No, I don’t forgive you

I do not forgive you for leaving me with a violent sociopath to raise me.
I do not forgive you for leaving at all.
I do not forgive you for always putting someone or something else before me.
Your needs.
Your wants.
I do not forgive you for taking me away and then sending me back.
I do not forgive you for making me think it was my decision.
For years, I would say, “You sent me back.” Your reply was always, “You wanted to go.”
I was six. I also wanted a mother who loved me and a father who did not beat me.

I do not forgive you for missing my entire childhood.

I do not forgive you for not being there when I needed you.
I do not forgive you for not doing what you knew I needed and I knew I wanted — to live away from the chaos of life with violence and fear and shame.

I do not forgive you for cutting me out of your life.
I do not forgive you for getting married and not telling me.
Looking back, I think that was your way of letting me know, you had moved on.
From me.

I do not forgive you for leaving me that day in the Monterey Aquarium.
Your friend told me, she saw that you loved him and had committed yourself and your life to him.
I do not forgive you for not making that same commitment to me.

I do not forgive you for showing up once or twice a year expecting my life to conform to your wants and desires.

I do not forgive you for abdicating all of your maternal responsibilities.
I do not forgive you for not wanting me to press charges when John Gill tried to kill me the first time.
The second time.
The third time.

I do not forgive you for taking credit for my successes but not my failures.
Because you have no claim on either.
I am my worst mistakes as well as my greatest achievements.

I do not forgive you for taking his side over mine.
I was there for you when you needed me.
I do not forgive you for making me hide when he came to get you.
I do not forgive you for asking me to be there and then dismissing my support.

You wanted me there when you needed something.
And then gone when you did not.
I do not forgive you for that.

I do not forgive you for cutting me out of your home when he told you to.

I do not forgive you for never taking responsibility for your own actions.
I do not forgive you for seeing your actions only through the prism of your intentions.
I do not forgive you for acting like the victim when you have never been that.
I do not forgive you for saying, “John Gill wasn’t that bad.”
I do not forgive you for telling me when I told you I was raped, that “It happens to everyone.”
I do not forgive you for trying to discourage me almost every step of the way while then reveling when I did well.

The advance job was not a bad idea.
The trip to Nepal was not a bad idea.
My comedy is not bad for me.

I do not forgive you for being surprised that two years of good deeds do not make up for decades of neglect.
The hill of good will you have built is overshadowed by the Everest of bad.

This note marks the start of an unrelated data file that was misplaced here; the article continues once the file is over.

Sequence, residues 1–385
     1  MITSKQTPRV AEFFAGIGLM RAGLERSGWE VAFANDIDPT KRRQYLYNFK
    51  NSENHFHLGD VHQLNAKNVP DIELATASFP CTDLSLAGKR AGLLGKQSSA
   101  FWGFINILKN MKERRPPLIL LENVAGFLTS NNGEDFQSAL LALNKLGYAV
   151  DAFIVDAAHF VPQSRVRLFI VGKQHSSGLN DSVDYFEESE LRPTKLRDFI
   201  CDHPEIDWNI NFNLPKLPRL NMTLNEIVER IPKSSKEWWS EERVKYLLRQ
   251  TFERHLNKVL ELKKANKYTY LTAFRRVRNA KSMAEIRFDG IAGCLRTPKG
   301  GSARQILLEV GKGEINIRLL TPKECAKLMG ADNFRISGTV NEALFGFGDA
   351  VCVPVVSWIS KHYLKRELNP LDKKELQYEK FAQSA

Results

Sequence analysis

I do not forgive you.
I may never forgive you.

You do not care, or maybe you do but cannot admit it, that you hurt me.
You think that happened so long ago that I should be over it.

I know that I put it all in a box.
I put that box in a closet.
In our house on Maple Avenue.
In Stony Brook, New York.

Thomas Friedman says, “if you do not visit the bad neighborhood, eventually, it visits you.”
I just heard a knock on the door.

It was a long time ago but it is here, with me always.
Until I invite it in and we talk, it always will be.

Your guilt should be real but it is yours.

It is neither my fault nor my problem.
I do not forgive you for thinking it is.

I deal with you now because I have divorced you from yourself.
I deal with you now because I do care.
You need to divorce your actions from your intentions.
You should have good intentions but are judged on the results of your actions.

You fell asleep with a cigarette burning.
You never intended the house to burn down.
But the house is gone.
And we are homeless.

You left me to deal with the mess of a marriage that was not mine.

I may never forgive you.
That is my problem.
Not yours.
I am working on it.

Back from the grave and through the rabbit hole

Photograph of President William Jefferson Clin...

Photograph of President William Jefferson Clinton and Chelsea Clinton in the Study of the Chappaqua Residence in Chappaqua, New York, 11/07/2000 (Photo credit: The U.S. National Archives)

What a difference a few days make.  Do you ever have a few days that feel like a few years?  Yes?  That would be the week I am having.  It has been very strange, even for me, that it is hard to not be a bit freaked out.

One day last week, I was on my way to meet someone for lunch in Georgetown.  We hadn’t decided where we were going to eat but were going to meet up.  I was walking down Wisconsin and my last cogent thought was “Do I want Thai or Italian?”  The next thing I know, literally, I am entering a conversation with several paramedics about how they think I need to go to the hospital.  No big deal right?  Except, I had been actively participating in this conversation.  I wanted no part of them or their ambulance, which is the saving grace of this experience because it tells me that I had not lost all of my spunk.  The massive amount of blood I was losing from the top of my head convinced me they might have a point about me needing to go so I relented.

What happened?  I had a grand mal seizure and managed to bang up my knee, chomp up my lip and cut myself square on the top of my head.  The exact top.  Moreover, one of the paramedics stayed with me in the hospital until the doctor came into see me and it was then that I learned he had been called in because I was being “uncooperative.”  Yeah, that sounds like me.  After seven hours in the George Washington University Hospital, all my tests came back normal and I was sent home with a diagnosis of “recurrent seizures” and the advice to see a neurologist.

How did I get here?